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American Association for Cancer Research, Clinical Cancer Research, 18(19), p. 5210-5217, 2013

DOI: 10.1158/1078-0432.ccr-13-0487



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A pharmacogenetic predictive model for paclitaxel clearance based on the DMET platform.

This paper is made freely available by the publisher.
This paper is made freely available by the publisher.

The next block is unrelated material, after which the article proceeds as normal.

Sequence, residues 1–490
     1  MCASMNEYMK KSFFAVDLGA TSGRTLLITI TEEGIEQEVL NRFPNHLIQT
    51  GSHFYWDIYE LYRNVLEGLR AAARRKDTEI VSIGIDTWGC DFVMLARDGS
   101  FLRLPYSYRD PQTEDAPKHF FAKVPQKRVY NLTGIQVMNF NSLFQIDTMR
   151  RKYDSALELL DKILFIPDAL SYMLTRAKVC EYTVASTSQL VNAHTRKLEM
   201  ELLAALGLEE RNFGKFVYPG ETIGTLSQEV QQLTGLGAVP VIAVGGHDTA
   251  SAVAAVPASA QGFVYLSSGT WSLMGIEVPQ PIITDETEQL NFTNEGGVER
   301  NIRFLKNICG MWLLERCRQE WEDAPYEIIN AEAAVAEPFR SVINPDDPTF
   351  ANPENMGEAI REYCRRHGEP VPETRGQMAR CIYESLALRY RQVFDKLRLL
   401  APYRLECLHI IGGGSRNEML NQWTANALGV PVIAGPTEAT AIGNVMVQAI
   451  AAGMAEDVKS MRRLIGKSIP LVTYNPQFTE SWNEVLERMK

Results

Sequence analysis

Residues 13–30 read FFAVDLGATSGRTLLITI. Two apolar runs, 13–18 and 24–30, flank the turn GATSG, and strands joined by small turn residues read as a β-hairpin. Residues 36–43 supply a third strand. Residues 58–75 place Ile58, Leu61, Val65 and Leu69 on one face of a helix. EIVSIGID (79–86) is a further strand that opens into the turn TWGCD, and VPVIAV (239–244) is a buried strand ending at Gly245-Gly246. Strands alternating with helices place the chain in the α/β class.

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Abstract Purpose: Paclitaxel is used in the treatment of solid tumors and displays high interindividual variation in exposure. Low paclitaxel clearance could lead to increased toxicity during treatment. We present a genetic prediction model identifying patients with low paclitaxel clearance, based on the drug-metabolizing enzyme and transporter (DMET)-platform, capable of detecting 1,936 genetic variants in 225 metabolizing enzyme and drug transporter genes. Experimental Design: In 270 paclitaxel-treated patients, unbound plasma concentrations were determined and pharmacokinetic parameters were estimated from a previously developed population pharmacokinetic model (NONMEM). Patients were divided into a training- and validation set. Genetic variants determined by the DMET platform were selected from the training set to be included in the prediction model when they were associated with low paclitaxel clearance (1 SD below mean clearance) and subsequently tested in the validation set. Results: A genetic prediction model including 14 single-nucleotide polymorphisms (SNP) was developed on the training set. In the validation set, this model yielded a sensitivity of 95%, identifying most patients with low paclitaxel clearance correctly. The positive predictive value of the model was only 22%. The model remained associated with low clearance after multivariate analysis, correcting for age, gender, and hemoglobin levels at baseline (P = 0.02). Conclusions: In this first large-sized application of the DMET-platform for paclitaxel, we identified a 14 SNP model with high sensitivity to identify patients with low paclitaxel clearance. However, due to the low positive predictive value we conclude that genetic variability encoded in the DMET-chip alone does not sufficiently explain paclitaxel clearance. Clin Cancer Res; 19(18); 5210–7. ©2013 AACR.